Settled Status or Permanent Residence?

Settled Status

If you’re an EEA or Swiss national living in the UK, you and your family will be able to apply under the EU Settlement Scheme to continue residing in the UK. If your application is successful, you will obtain either settled or pre-settled status.

You may be able to stay in the UK without applying – for example, if you’re an Irish citizen or have Indefinite Leave to Remain.

Permanent Residence card (PR)

An EU citizen who has resided in the UK as a ‘qualified person’ for 5 years can also decide to apply for a Permanent Residence card.

Who is a ‘qualified person’?

A qualified person is someone who is in the UK and one of the following applies:

  • They are working;
  • They are self-employed;
  • They are self-sufficient;
  • They are studying;
  • They are looking for work (only if they meet certain conditions).


What is the difference between the above?

One of the most important differences is that the applicant must show that they have exercised Treaty Rights if they intend to apply for Permanent Residence card. However, this requirement does not apply to a Settled Status application.

In addition, EU nationals can rely on any qualified continuous period of 5 years to apply for PR or Settled Status. However, migrants who are applying for PR can have their status ‘back-dated’ to cover any 5 years period following their initial entry in the UK having exercised Treaty Rights. EU nationals who have had PR status ‘back-dated’ for 12 months or more can apply for British citizenship immediately under British Nationality Act 1981, section 6(1) or 6(2).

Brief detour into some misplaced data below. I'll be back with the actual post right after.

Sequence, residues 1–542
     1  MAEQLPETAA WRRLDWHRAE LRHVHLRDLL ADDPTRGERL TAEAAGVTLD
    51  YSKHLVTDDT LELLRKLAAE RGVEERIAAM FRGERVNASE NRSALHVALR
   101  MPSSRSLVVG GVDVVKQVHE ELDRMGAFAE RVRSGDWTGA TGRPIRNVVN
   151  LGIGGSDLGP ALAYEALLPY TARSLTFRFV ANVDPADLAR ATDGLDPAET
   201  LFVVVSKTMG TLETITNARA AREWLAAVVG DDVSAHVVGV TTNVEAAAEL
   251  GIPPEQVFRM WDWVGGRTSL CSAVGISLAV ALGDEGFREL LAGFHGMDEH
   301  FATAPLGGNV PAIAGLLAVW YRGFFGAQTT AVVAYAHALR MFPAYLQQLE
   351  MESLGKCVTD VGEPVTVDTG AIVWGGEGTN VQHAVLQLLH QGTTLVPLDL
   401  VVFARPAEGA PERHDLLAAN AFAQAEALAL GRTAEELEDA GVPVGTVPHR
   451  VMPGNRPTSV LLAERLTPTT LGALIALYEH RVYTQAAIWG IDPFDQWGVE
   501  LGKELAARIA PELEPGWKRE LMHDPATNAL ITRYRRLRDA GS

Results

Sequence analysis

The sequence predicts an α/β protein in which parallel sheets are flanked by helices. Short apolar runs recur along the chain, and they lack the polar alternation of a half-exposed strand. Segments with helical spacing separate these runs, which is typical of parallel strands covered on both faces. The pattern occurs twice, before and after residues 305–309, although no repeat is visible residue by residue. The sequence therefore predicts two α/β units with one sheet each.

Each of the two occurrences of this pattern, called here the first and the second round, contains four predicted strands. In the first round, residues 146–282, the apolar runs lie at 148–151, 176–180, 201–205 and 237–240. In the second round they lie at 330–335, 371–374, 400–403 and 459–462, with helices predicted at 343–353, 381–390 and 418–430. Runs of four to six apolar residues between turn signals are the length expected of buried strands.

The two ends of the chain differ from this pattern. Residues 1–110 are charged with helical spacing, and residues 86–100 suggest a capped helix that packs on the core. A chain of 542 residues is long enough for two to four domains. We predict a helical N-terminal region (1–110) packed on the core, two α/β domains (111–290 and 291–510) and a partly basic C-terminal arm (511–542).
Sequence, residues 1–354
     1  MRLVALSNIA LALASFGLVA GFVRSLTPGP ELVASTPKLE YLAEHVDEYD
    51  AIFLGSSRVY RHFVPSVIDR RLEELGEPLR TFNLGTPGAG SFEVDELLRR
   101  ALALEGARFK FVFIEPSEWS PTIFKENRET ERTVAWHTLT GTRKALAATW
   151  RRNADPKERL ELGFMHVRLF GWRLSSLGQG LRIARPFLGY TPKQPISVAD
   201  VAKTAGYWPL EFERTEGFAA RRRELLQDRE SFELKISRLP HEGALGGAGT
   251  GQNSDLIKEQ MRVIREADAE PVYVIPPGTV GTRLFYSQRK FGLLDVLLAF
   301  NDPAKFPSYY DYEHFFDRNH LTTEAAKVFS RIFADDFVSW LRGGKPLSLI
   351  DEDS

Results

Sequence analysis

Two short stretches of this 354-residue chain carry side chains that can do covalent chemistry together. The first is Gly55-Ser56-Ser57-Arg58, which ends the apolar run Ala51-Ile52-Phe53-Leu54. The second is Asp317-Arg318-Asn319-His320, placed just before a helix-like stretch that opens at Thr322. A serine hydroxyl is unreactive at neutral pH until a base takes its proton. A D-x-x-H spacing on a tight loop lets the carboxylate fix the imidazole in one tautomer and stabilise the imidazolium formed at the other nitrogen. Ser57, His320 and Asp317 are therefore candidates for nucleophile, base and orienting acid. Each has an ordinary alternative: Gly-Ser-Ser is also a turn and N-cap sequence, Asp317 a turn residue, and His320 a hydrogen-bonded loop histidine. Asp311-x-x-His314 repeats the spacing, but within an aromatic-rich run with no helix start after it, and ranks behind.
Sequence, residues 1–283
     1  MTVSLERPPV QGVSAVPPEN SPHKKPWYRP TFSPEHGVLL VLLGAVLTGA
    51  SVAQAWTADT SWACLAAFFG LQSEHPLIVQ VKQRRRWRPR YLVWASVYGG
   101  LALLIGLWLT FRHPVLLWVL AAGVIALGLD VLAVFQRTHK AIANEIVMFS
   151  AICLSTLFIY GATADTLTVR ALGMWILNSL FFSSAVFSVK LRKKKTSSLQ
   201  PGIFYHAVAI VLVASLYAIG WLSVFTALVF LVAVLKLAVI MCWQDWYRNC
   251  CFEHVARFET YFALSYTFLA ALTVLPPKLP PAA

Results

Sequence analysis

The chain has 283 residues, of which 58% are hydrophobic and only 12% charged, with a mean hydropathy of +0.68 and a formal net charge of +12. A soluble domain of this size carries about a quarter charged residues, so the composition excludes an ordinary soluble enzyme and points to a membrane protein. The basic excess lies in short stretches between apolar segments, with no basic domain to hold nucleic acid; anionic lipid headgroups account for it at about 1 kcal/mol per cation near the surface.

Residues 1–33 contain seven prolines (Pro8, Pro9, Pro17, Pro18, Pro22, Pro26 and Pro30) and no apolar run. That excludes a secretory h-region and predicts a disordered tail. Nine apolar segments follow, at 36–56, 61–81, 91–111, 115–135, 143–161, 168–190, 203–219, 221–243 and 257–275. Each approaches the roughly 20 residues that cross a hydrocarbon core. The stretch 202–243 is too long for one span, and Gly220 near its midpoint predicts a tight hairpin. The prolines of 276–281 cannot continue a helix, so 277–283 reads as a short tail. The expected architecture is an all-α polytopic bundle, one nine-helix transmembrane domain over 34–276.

However, Permanent Residence status will need to be converted into Settled Status prior to 31 December 2020.

Moreover, Permanent Residence will be lost through an absence from the UK of more than 2 consecutive years whilst Settled Status will be revoked if the applicant were to be absent for a continuous period of 5 years.

Contact Our Immigration Team

For expert advice regarding any aspect of Settled Status or PR card application, please contact our immigration team on 0203 384 3075.

The content of this article is for general use and information only. Since each case should be prepared on its own merit and in light of the constant amendments to the Immigration Rules, it is important to note that the information provided must not be relied upon unless Migra & Co has either given written consent or has been officially engaged in relation to a specific immigration matter. As a result, Migra & Co will take no responsibility for any damage, cost or loss resulting from relying on the information contained in this article, blog and website.

We remain open for business and can arrange meetings by phone call or video conferencing to advise and assist with any UK immigration matters.
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